“THIS. IS. SEMPITERNAL.” That gang chorus was a sign. Bring Me The Horizon were not taking any shit. Also, it’s a remarkably uncommon word, very clever in its usage, and that’s what Bring Me The Horizon’s fourth album is – extraordinarily clever. It’s not necessarily intricate, there’s nu-metal influence everywhere, but it completely bends and breaks previous expectations of the band and creates a sonic journey like nothing else. From the vitriolic ‘Antivist’ to the beautiful ‘And The Snakes Start To Sing’, nothing about Sempiternal is imperfect.

Hey You Guys! are an amalgamation of some of the Worcester scene’s heroes, and these dudes have brought together an unmatched sense of humour, savvy lyrics and catchy-as-fuck hooks into one mindblowing record. Our interview with Hey You Guys! explains further why we love them, but Gasp Shock Horror is 28 minutes of sheer joy.

This record came at the perfect time for We Are Fiction. With bands like Mallory Knox, Young Guns and Canterbury making it big, it’s only a matter of time until We Are Fiction are massive, and they absolutely deserve it. One of the hardest working bands in the UK scene have brought out a record that echoes the glorious post-hardcore scene of the early 2000s while still remaining fresh and relevant. The dual vocal approach from Phil Barker and Marc Kucharski works so well, and it’s one of those records that has you hitting ‘repeat’ the second it’s done. Kate’s review of One For Sorrow says it all.

Let’s be honest, apart from In With The Out Crowd which was a bit iffy, Less Than Jake always deliver the goods. See The Light is no exception. From start to finish, it’s filled with ska-punk bangers. As sunny as a Floridian summer afternoon, no other album has made me smile so much this year, or want to dance as much, and I look forward to blasting this out in the summer at all the barbeques.

An absolutely solid effort from Bangers this year, Crazy Fucking Dreams is the kind of record other punk bands dream of making. Although they’re sticking with the tried and tested ‘big riffs, big rants’ formula, there’s still plenty of innovation here, and their story-telling skills are in full swing, with tracks that can’t help but speak to you. If you like your punk honest and raw, but actually listenable with wonderfully gruff vocals, Bangers are the band for you. And Crazy Fucking Dreams is brilliant.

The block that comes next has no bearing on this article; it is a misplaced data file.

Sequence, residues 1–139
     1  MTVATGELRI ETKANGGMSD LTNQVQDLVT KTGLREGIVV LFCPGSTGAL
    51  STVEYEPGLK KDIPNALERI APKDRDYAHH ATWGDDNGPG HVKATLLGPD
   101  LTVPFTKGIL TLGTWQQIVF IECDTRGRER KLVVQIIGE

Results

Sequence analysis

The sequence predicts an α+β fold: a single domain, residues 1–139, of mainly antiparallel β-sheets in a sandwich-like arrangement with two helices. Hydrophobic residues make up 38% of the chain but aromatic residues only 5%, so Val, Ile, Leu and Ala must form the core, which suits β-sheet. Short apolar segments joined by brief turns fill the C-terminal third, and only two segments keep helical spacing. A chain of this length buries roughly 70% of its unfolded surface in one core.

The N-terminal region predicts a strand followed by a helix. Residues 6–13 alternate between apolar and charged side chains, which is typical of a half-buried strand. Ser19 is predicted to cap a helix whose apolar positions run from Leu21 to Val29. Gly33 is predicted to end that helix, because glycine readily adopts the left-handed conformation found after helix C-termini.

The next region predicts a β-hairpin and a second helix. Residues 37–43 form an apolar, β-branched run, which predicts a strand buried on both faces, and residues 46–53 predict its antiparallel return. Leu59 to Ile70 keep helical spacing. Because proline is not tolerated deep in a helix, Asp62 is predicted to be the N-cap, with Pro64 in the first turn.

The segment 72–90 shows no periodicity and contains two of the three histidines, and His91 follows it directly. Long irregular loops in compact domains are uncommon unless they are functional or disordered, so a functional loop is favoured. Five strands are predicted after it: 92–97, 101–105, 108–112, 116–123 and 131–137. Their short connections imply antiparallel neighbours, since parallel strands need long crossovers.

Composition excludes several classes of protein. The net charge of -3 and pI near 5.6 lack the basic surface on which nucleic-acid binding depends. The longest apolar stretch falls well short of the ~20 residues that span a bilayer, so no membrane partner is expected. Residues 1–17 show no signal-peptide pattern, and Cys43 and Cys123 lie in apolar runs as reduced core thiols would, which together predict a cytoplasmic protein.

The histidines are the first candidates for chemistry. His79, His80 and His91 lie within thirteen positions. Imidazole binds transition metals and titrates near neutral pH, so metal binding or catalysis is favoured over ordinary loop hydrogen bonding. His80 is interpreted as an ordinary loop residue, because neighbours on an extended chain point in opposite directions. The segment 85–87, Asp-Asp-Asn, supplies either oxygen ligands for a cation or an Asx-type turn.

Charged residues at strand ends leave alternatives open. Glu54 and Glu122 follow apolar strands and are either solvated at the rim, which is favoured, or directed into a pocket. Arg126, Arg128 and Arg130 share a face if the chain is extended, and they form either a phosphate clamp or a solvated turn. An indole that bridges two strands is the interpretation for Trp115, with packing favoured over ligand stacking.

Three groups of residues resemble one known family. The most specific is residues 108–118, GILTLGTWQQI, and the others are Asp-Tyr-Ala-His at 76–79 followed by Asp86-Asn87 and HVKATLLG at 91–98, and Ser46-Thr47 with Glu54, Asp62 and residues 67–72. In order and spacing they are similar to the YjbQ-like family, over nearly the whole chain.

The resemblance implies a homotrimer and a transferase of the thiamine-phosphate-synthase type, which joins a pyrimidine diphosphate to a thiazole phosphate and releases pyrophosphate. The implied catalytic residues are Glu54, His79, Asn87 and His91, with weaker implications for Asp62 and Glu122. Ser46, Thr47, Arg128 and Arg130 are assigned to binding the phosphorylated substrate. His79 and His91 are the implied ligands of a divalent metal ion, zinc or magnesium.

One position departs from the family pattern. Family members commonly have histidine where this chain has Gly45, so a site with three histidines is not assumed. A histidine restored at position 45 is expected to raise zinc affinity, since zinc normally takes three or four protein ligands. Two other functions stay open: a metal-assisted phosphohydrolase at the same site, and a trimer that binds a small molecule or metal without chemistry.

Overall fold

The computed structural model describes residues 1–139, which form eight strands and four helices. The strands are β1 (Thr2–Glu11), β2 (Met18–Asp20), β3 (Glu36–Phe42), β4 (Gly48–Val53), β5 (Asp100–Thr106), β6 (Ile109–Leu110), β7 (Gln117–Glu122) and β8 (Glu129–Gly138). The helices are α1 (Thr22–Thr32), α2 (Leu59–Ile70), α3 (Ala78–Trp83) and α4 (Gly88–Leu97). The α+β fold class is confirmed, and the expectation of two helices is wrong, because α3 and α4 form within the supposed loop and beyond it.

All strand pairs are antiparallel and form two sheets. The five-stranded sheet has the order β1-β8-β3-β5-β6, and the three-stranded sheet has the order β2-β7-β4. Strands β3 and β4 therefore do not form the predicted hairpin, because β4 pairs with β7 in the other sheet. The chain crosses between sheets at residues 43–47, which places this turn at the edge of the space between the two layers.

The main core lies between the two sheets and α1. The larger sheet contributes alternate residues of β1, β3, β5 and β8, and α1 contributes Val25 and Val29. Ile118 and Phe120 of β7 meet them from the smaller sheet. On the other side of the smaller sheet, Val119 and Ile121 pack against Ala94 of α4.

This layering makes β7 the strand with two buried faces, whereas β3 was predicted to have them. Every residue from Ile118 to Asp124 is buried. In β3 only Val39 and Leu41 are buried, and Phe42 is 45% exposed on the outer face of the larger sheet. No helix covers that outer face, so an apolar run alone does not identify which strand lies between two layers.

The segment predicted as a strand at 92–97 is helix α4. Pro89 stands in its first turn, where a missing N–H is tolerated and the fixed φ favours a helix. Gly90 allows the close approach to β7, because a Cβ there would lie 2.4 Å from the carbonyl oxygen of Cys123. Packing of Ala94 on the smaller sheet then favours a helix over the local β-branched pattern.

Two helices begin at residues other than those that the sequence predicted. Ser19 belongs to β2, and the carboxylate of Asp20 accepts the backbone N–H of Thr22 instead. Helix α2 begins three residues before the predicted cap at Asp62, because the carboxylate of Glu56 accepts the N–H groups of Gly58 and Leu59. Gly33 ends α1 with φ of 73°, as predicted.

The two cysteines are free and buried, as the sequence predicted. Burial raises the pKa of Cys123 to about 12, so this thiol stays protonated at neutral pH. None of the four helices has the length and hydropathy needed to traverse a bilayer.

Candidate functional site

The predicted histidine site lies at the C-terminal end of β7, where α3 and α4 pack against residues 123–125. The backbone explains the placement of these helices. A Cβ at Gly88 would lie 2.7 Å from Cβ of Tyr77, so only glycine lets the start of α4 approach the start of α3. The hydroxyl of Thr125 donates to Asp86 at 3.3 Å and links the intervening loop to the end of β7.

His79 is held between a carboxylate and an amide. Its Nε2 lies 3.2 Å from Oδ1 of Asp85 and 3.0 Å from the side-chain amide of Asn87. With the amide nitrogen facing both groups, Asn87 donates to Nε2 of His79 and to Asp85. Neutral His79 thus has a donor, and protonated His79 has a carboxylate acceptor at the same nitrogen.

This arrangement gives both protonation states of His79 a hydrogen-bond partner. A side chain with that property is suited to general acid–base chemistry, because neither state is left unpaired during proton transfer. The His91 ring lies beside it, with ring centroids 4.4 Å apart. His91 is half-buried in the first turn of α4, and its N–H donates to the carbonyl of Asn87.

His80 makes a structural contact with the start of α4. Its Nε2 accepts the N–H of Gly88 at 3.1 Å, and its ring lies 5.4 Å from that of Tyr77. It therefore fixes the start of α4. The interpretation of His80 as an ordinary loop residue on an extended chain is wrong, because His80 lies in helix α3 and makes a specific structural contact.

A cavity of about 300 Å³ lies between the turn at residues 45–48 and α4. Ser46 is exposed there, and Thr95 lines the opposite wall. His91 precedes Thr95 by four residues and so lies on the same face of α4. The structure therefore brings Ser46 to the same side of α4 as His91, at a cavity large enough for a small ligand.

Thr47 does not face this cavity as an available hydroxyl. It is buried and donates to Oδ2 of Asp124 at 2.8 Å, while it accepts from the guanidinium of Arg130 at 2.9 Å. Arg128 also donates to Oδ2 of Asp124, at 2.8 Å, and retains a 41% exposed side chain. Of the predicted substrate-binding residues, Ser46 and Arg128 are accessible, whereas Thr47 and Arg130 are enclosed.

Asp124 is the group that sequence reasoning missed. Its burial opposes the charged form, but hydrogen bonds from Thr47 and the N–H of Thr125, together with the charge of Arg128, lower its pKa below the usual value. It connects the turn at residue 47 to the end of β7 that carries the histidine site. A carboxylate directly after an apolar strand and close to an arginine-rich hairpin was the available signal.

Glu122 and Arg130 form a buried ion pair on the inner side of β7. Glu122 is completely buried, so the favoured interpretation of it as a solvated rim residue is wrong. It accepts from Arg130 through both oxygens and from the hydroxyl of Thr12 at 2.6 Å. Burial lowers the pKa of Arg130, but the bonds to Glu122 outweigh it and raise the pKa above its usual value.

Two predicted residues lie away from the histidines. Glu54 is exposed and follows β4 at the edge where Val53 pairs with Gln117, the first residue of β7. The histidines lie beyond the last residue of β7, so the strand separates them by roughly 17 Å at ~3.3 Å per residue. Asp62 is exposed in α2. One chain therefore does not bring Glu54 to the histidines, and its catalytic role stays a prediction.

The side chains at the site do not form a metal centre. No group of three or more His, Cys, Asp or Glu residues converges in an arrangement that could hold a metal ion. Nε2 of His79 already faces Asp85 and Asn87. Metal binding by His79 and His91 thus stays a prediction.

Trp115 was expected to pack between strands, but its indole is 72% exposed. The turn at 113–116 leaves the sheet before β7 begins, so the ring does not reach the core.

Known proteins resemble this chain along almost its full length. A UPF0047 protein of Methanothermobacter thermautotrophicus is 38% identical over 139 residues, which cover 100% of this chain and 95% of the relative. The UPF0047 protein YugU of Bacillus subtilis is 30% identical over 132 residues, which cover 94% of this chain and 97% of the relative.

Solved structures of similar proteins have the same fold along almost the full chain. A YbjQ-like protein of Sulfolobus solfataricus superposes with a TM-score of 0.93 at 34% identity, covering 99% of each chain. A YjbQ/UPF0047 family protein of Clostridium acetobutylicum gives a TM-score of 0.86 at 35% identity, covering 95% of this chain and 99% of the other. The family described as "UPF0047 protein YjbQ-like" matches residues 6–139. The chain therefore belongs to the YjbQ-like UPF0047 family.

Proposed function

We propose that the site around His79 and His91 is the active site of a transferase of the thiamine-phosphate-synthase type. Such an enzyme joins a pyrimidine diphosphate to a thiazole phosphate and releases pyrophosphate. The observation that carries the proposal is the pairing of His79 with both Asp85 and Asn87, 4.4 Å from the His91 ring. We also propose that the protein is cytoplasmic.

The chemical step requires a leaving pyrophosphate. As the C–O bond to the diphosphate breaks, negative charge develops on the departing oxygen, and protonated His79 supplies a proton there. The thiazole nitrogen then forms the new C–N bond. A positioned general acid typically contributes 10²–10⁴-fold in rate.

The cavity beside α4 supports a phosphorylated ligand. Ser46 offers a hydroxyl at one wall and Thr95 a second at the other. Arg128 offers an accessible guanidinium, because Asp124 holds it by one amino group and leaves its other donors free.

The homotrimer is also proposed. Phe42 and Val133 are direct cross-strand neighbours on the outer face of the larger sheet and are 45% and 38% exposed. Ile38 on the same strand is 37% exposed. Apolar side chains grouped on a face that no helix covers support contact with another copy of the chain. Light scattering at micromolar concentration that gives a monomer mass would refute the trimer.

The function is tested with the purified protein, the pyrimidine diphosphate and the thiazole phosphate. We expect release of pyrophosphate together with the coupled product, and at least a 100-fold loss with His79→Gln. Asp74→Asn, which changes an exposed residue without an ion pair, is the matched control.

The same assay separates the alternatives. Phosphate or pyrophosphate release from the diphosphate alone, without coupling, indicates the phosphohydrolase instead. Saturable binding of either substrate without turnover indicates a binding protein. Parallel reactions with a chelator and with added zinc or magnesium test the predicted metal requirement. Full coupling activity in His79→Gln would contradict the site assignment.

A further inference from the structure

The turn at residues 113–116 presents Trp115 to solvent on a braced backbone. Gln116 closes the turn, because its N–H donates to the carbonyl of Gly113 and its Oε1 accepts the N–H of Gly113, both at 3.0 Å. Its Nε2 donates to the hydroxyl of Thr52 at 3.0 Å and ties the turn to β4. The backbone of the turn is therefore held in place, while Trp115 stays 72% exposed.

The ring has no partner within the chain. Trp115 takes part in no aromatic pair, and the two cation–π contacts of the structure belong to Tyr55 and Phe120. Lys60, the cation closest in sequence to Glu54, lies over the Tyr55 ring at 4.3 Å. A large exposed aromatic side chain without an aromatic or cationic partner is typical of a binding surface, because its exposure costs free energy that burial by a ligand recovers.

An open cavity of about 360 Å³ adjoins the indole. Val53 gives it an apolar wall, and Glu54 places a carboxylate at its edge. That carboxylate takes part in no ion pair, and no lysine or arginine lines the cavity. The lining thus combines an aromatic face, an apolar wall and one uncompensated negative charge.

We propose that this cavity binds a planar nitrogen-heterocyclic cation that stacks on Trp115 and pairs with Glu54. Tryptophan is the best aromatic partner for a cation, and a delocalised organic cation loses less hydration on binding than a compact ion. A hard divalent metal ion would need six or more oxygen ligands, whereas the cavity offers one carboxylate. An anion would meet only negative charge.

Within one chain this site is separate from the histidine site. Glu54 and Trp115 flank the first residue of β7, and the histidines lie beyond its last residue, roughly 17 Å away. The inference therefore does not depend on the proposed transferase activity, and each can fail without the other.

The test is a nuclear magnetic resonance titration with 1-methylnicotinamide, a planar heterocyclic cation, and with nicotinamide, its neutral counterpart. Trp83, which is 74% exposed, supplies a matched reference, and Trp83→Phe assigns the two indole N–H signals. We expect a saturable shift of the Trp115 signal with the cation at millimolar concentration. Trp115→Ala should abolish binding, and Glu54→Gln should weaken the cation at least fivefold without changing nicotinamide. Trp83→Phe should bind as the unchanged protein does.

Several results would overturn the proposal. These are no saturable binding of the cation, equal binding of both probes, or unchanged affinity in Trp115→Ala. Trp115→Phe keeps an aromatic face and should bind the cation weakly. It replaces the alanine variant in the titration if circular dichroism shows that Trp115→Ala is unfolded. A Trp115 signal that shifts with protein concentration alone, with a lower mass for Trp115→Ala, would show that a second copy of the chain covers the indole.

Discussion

Again, this was a record I was slightly wary of. Lead single ‘Miss Jackson’ didn’t impress me much, but as soon as ‘This Is Gospel’ made an appearance, I knew that Panic! were back on track to an absolute hit. Too Weird To Live, Too Rare To Die! is ten straight tracks of pop glory. Every song has a totally different feel to it, but all of them carry something wonderful to the front, whether that’s a catchy chorus or a beautifully poignant melody. Continuing post-Ross is one of the best things Panic! could have done – this is exactly why.

It was clear from the days of Reuben that Jamie Lenman was an almost unnaturally talented songwriter – how was it possible for post-hardcore to be so good and yet maintain a distinctly British voice? It just hadn’t been done before. Like Muscle Memory hasn’t been done before. The first side, Muscle, is the most gut-wrenching hardcore record of the year, with crushing, dirgey riffs abound. It’s utterly glorious. However, second side, Memory, is a folky, poppy, acoustic-y, big band-y foray into something completely genius. Separately, they’d both be incredible records, but together, they combine to create something phenomenal. Not to mention, releasing two records like this together is punk as fuck.

A predictable entry into the list, but an extremely important one. Burials is the best thing AFI have done since The Art Of Drowning. It’s not to say that their efforts in-between have been bad, but Burials was outstanding. A raw, emotional journey juxtaposed with some of the most intricate songwriting that AFI has ever exhibited? Sign me up. Twice. You can read my full love letter to Burials here, or better yet, you can go and buy it and remember why you fell in love with music to begin with.

Review: AFI – Burials